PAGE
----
Ignalina NPP: first time an International decommissioning project finished in accordance with initial planned contract schedule and budget

Wednesday, October 22, 2008

The consortium of the Energiewerke Nord GmbH (EWN), Sintagma UAB and Ernst & Young Baltic UAB successfully completed in September 2008 the Ignalina Nuclear Power Plant (INPP) decommissioning management system and database (DMSD) project.

The joint team with subcontractors IBM and CORE2 provided all services according to the project schedule of 14 months. Beside the delivery of a comprehensive set of different IT equipment, an enlarged training of nominated INPP staff was performed. The project was financed by the International Ignalina Decommissioning Support Fund managed by the Central Project Management Agency with the overall value of 3.5 million EUR.

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Nuclear energy: assessing the emissions

Monday, October 20, 2008

For decades nuclear power has been slated as being environmentally harmful. But with climate change emerging as the world's top environmental problem, the nuclear industry is now starting to enjoy a reputation as a green power provider, capable of producing huge amounts of energy with little or no carbon emissions. As a result, the industry is gaining renewed support. In the United States, both presidential candidates view nuclear power as part of the future energy mix. The US government isn't alone in its support for an expansion of nuclear facilities. Japan announced in August that it would spend $4 billion on green technology, including nuclear plants.

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Italy's Sogin to speed up nuclear decomissioning

Friday, September 19, 2008

MILAN, Sept 19 (Reuters) - Italy's nuclear decommissioning company Sogin will invest 490 million euros ($711 million) under its new 2008-2012 business plan to speed up decommissioning of power stations, part of Italy's ban on nuclear power.

Sogin's new plan comes as Italy, which rejected nuclear power in a referendum in 1987 after the Chernobyl disaster in Ukraine, debates the possibility of a nuclear energy revival to help offset rising oil costs and the emission of greenhouse gases.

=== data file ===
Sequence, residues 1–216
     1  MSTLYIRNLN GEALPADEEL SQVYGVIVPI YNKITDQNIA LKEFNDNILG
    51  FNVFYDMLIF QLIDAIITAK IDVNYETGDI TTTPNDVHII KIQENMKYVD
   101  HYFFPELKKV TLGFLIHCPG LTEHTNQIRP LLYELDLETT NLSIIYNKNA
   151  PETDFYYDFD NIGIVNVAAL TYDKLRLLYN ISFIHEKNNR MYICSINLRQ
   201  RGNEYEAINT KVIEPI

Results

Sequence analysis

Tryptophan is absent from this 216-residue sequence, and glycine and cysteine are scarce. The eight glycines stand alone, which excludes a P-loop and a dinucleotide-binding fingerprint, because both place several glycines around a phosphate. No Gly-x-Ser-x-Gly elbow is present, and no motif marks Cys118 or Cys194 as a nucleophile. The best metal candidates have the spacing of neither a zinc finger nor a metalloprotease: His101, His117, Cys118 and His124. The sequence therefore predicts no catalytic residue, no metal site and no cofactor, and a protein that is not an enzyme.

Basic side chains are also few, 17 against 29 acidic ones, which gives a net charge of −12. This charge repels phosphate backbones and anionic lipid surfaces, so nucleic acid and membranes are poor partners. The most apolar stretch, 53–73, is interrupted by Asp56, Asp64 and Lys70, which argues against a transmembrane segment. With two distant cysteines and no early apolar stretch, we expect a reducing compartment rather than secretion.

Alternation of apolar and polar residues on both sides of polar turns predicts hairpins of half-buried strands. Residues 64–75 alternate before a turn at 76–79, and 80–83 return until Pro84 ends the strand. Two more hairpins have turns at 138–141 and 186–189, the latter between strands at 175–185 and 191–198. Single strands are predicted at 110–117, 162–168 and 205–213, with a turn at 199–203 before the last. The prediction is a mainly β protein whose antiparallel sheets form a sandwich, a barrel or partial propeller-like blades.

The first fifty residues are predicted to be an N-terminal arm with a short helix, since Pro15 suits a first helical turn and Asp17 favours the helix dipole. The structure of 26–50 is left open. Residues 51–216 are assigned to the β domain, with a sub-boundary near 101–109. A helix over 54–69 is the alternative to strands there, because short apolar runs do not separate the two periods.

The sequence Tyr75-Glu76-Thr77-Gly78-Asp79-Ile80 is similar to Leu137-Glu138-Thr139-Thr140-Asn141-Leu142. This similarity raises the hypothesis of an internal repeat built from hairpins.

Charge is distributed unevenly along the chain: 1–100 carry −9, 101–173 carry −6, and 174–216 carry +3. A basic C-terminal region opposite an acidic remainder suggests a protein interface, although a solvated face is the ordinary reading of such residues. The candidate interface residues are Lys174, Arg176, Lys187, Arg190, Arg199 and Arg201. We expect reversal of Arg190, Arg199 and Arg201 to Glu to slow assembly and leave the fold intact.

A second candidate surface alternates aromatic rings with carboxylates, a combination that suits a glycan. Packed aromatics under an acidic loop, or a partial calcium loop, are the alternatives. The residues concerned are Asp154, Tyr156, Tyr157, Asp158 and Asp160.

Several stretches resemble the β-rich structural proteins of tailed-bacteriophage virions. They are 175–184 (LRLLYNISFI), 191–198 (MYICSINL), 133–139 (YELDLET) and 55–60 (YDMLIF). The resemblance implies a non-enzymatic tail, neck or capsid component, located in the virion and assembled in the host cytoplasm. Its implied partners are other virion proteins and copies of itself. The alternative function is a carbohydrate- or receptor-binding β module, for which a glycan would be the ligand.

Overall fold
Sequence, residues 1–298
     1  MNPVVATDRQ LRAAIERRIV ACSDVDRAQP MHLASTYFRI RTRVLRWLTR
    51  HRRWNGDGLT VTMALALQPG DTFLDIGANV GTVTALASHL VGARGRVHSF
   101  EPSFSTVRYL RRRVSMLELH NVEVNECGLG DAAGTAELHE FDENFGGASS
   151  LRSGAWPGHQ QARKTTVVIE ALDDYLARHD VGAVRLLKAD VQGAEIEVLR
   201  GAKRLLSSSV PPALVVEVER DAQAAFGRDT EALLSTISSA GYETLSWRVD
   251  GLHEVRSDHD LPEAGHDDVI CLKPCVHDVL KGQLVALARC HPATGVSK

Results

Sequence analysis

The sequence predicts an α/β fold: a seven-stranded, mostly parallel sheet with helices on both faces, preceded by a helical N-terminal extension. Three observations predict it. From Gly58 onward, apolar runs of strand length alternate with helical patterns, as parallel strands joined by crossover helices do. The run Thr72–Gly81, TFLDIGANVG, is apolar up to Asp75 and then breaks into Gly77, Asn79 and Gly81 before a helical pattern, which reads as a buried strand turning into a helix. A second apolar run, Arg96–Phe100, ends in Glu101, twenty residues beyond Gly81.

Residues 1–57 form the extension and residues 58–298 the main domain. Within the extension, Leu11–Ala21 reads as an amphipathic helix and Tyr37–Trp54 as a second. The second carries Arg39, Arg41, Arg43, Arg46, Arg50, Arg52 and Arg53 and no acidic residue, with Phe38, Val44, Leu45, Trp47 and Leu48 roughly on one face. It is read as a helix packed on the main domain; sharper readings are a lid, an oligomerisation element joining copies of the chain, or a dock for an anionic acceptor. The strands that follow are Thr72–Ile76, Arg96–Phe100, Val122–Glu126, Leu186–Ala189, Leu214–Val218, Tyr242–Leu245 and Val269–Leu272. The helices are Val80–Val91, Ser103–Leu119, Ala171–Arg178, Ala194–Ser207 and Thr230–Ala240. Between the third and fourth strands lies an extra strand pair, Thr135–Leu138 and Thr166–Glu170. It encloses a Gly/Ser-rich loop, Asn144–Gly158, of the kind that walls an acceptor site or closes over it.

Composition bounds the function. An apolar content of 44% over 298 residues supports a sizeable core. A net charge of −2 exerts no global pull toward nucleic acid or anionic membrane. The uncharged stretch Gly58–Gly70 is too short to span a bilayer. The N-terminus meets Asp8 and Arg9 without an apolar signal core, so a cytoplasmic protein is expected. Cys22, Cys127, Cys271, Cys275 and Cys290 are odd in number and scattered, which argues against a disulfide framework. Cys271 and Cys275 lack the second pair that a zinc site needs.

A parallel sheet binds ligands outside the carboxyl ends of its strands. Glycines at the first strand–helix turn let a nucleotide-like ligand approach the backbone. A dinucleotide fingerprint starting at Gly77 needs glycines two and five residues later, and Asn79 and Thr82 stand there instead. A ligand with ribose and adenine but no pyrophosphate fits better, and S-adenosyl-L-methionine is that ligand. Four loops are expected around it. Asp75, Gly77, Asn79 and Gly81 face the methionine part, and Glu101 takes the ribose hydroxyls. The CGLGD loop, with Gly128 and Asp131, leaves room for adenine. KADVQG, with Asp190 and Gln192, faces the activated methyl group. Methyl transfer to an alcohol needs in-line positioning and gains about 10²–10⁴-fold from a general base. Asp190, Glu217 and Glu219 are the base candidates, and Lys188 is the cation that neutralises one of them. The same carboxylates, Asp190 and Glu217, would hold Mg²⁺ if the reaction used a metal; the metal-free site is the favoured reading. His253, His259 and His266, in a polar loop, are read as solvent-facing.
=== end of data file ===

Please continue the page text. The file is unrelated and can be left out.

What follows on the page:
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Cleaning up Serbia's nuclear legacy

Wednesday, September 10, 2008

The Vinca Institute of Nuclear Sciences, located 9 miles from Belgrade, is Yugoslavia's oldest nuclear research institute. Established in 1948 as the Institute of Research on the Structure of Matter, its efforts supposedly included an attempt to build a Yugoslav nuclear bomb. For almost 45 years, it collected Yugoslavia's and Serbia's radioactive waste.

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Nuclear is the real threat to the fuel-poor, not wind energy

Wednesday, September 10, 2008

Recent allegations that a dash for wind would cause a big increase in fuel poverty crumble when you do the numbers, says Oliver Tickell. Nuclear is the real worry

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Nuclear lobbying debate

Friday, August 29, 2008

Green campaigners have expressed concern that the Government's Nuclear Decommissioning Authority (NDA) is using the same lobbying consultancy as a firm that often bids for major nuclear decommissioning contracts.

The NDA is charged with cleaning up the UK's nuclear waste - and in particular with decommissioning the Sellafield site. It has employed Bell Pottinger Public Affairs (BPPA) since 2005.

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Reactor’s final de-fuelling misson begins

Wednesday, August 27, 2008

MAGNOX North’s Chapelcross site has begun the next phase in its life with the start of final de-fuelling of Reactor 1.

The first fuel element was removed from the reactor core on August 18, beginning the active commissioning of the newly upgraded fuel route.

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Burnt nuclear reactor site visited

Thursday, August 21, 2008

For the first time since a fire 50 years ago, engineers have taken a look inside the Windscale Pile 1 reactor at the Sellafield nuclear plant.

The decommissioning team looked inside the affected area with an endoscope to take pictures from the core, allowing for the removal of the remaining fuel and isotopes in the reactor pile.

In 1957 one of the two reactor piles caught fire and caused Britain's worst nuclear accident, releasing masses of radiation into the countryside.

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Radioactive waste now 'harmless'

Monday, August 18, 2008

Tonnes of radioactive liquid metal - a legacy of the experimental fast reactor programme at Dounreay in Caithness - have been destroyed.

Dounreay Site Restoration Limited (DSRL) said the material was turned into "harmless" salt water.

The water was put through a further process so it could be discharged into the sea.

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Sellafield clean-up set to take 112 years

Thursday, July 10, 2008

It has been revealed that it will take more than 100 years before the toxic nuclear site in Sellafield is safe.

A report from Westminster's Public Accounts Committee says the UK's largest atomic power station will not be completely clean until 2120.

The South Down SDLP MP, Eddie McGrady, described the nuclear waste as a time bomb waiting to happen. 'They are not only producing but importing the dirty stuff from the rest of the world, it is incredible,' he said.

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